A short excerpt from DogNostics' Pet Dog Solutions online Program - Your Guide to Positive Socialization

written by Louise Stapleton-Frappell

What is Socialization?

Socialization means learning to be part of society. Socialization is a process that helps a living organism change into a social being and happily live in our world.

When we talk about socializing pets, it means helping them learn to be comfortable as a pet within human society - a society that includes many different types of people, environments, buildings, sights, noises, smells, animals, and other dogs.

Socialization is a continuous process in the life of an individual.

Socialization will include systematic desensitization, respondent conditioning, and positive reinforcement. Systematic desensitization is the presentation of a stimulus at a level of intensity that elicits little or no response from the pet, with a gradual increase in the intensity of the stimulus as the pet habituates at each level of exposure. Respondent conditioning is when we pair a stimulus with something the pet loves in order to condition a positive emotional response. Positive reinforcement is the addition of a positive consequence leading to an increase in desired behavior. All will play a role in positive socialization. Habituation, which is a decreased response to a stimulus after prolonged exposure, will also occur. Positive conditioned emotional responses will ensue from appropriate positive exposures.

Flooding should always be avoided as it can lead to fear, anxiety, stress, and learned helplessness. Socialization doesn’t, therefore, involve allowing total strangers and unknown dogs to approach or touch your new puppy or older dog, or taking your dog into environments they are unable to cope with. In fact, this type of exposure could easily backfire leading to fear, anxiety, stress, *sensitization, and *learned helplessness.

*Sensitization occurs when repeated exposure or a single exposure to a stimulus increases the intensity of the response and learned helplessness.

*In the phenomenon called learned helplessness, a pet is first exposed to inescapable and severe aversive stimulation. Eventually, the pet gives up and stops attempting to avoid or escape the situation. A common term for learned helplessness is shut down. Inexperienced trainers may label the pet as ‘calm’. The pet is far from calm.

It’s important to note that simple exposure to something does not necessarily infer socialization has occurred. Socialization is NOT simply about introducing your dog to different things, other animals, or people. For socialization to occur, all exposures MUST be done in a POSITIVE way. This can be achieved by pairing new experiences with something your dog loves, all at an intensity your dog is happy with.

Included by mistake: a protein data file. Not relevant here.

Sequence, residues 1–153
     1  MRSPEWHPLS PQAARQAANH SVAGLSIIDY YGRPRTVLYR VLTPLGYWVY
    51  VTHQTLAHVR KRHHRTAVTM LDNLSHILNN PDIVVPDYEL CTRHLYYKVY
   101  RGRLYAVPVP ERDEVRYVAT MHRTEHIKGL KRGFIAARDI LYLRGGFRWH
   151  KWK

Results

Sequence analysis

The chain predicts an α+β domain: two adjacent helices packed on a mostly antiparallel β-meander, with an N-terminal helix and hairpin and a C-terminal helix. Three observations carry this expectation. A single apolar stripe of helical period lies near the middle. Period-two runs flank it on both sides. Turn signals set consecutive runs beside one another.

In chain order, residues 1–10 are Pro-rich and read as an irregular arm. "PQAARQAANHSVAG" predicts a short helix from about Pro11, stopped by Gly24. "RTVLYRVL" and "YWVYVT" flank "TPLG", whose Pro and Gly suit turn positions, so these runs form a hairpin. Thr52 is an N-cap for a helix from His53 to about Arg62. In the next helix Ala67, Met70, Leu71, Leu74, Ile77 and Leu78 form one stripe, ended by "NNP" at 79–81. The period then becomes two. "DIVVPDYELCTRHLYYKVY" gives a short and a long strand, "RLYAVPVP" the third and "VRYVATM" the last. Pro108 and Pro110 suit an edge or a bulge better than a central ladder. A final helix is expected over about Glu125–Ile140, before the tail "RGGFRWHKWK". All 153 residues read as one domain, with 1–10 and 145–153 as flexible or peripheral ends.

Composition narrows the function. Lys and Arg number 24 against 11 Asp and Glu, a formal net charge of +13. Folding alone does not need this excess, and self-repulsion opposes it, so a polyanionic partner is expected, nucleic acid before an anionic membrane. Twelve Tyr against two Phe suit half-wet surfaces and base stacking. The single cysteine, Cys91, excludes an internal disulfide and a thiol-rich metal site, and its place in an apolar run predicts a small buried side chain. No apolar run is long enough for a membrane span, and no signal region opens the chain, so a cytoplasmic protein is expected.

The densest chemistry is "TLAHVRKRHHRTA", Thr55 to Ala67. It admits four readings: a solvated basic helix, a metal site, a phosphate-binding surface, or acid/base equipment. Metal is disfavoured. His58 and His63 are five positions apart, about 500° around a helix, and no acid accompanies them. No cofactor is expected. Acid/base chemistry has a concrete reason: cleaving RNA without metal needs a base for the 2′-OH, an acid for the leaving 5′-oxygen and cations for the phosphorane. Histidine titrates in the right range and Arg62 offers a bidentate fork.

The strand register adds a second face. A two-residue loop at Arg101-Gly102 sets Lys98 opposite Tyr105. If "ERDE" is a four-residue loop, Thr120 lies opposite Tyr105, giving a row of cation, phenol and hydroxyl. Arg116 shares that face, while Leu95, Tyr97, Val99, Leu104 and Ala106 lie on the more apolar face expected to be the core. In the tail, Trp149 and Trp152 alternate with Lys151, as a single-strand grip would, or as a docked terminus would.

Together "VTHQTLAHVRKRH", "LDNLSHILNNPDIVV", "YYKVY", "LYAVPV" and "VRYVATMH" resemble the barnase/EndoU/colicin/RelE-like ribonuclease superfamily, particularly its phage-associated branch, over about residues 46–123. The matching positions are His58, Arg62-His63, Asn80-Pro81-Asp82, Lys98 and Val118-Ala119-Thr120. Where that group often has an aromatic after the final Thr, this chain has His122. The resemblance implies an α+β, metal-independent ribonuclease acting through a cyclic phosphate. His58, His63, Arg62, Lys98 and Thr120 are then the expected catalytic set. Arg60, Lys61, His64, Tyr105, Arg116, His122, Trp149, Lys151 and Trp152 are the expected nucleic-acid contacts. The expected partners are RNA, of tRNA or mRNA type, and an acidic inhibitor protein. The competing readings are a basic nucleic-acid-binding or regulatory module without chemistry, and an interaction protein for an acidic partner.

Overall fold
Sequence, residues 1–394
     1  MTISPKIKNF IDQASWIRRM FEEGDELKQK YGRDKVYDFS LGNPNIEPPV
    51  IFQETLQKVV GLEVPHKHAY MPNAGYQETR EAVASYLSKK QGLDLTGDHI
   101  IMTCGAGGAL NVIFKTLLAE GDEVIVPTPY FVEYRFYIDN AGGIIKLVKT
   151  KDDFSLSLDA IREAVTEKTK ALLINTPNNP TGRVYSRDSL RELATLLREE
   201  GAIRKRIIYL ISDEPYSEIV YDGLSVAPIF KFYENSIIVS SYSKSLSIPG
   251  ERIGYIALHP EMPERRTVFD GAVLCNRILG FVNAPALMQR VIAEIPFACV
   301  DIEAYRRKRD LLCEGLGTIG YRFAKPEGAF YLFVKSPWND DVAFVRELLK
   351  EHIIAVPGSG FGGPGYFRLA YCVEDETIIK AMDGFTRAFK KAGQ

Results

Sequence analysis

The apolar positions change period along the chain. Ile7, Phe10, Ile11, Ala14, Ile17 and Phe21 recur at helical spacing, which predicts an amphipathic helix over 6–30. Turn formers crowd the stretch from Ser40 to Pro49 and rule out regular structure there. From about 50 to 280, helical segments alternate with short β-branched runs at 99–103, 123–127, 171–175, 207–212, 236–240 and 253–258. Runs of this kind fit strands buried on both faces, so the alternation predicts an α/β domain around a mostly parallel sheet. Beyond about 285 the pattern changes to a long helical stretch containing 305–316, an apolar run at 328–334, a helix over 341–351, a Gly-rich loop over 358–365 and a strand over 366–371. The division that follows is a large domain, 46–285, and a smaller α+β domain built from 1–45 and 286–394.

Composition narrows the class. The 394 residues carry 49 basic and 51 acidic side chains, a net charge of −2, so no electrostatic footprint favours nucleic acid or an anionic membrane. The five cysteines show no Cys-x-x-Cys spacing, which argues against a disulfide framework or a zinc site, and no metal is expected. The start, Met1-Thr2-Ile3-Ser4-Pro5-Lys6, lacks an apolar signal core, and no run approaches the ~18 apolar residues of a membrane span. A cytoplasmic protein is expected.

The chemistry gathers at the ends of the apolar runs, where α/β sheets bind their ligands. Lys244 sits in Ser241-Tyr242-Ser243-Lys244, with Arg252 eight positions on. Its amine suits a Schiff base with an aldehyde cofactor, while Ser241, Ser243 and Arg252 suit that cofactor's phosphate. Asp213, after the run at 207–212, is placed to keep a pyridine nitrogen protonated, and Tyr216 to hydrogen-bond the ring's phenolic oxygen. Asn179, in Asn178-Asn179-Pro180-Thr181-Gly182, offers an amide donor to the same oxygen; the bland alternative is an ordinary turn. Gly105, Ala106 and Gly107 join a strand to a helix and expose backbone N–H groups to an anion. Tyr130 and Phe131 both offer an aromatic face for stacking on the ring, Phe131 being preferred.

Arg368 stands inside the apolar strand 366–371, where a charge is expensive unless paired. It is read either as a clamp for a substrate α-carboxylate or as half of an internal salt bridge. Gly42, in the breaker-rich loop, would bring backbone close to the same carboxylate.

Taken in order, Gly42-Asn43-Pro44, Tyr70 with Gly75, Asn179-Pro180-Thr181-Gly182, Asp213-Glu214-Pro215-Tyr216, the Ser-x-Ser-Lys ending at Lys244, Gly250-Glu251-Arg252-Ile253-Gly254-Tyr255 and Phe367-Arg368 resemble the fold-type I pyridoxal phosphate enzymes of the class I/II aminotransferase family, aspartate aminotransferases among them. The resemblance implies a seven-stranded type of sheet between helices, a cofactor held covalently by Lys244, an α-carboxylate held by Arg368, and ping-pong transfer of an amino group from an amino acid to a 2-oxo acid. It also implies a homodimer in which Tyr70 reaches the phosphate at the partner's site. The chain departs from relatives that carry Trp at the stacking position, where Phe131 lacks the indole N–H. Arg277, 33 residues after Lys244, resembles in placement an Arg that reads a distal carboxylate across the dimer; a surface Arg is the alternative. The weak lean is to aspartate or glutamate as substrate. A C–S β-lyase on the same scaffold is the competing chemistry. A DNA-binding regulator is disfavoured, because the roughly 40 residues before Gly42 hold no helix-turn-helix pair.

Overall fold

For example, if your dog is anxious or scared, or even a little unsure around other dogs, signing him up for day-care may result in flooding, and this could lead to an increase in fear, anxiety, or stress, rather than a reduction of his fear. Much better to begin with one dog, at a distance your dog is happy. The sight of the other dog can be paired with lots of delicious treats, praise, and fun. The distance between the dogs can be reduced, at a pace your dog and the other dog are both happy with. Finally, the dogs can meet, and become friends, if they both choose to do so! You could then repeat this process with another suitable potential playmate, and another, etc. You would also ensure that every time your dog sees or hears a strange dog, you pair the sight and/or sound with something your dog loves. After repeated pairings, your dog's response should be a happier one! Perhaps now your dog would be happy at Day-Care or perhaps he will still be happier with a pet-sitter or canine enrichment technician, and just one or two best friends of the canine species!

Socialization can be an active experience, but it can also be a passive one. Whether the stimulus is another dog, a person, a place, an object - all exposure needs to be at an intensity your dog is comfortable with. Give your dog the choice to approach, to move away, or simply to happily observe from a distance. The main thing to remember is that exposure alone is not socialization. Forcing a dog to meet lots of people or other dogs, or move into environments that he is not prepared for, could lead to an increase in fear, anxiety, or stress. For socialization to occur it must be done in a positive way.

Let’s delve a little further into POSITIVE SOCIALIZATION to increase our understanding

How to Begin - Slowly!

Think about all the different rooms in a house - All the objects in them and all the activities that occur in them. This provides lots of scenarios to expose your dog to.

Think about the car and the inside of the car and where a car can go safely to expose your pet to new sights and sounds from a distance where they feel comfortable.

  • Think about the garage.
  • Think about the yard.
  • Think about the drive-thru.
  • Think about a short drive.
  • Think about short walks from your home.

Progress at a comfortable rate for your dog!

Can You Get Out and About?

Once you have positively socialized your dog to your household, if you can get out and about, then do so. Go somewhere that you can watch the world go by and promote positive associations from an appropriate distance with everything you see.

The area you choose should provide enough distance for you to move away from anything that could pose a problematic response. The goal is for your dog to always remain happy, not to experience anxiety, or stress; to have no reason to exhibit fight or flight behaviors, nor to freeze through fear.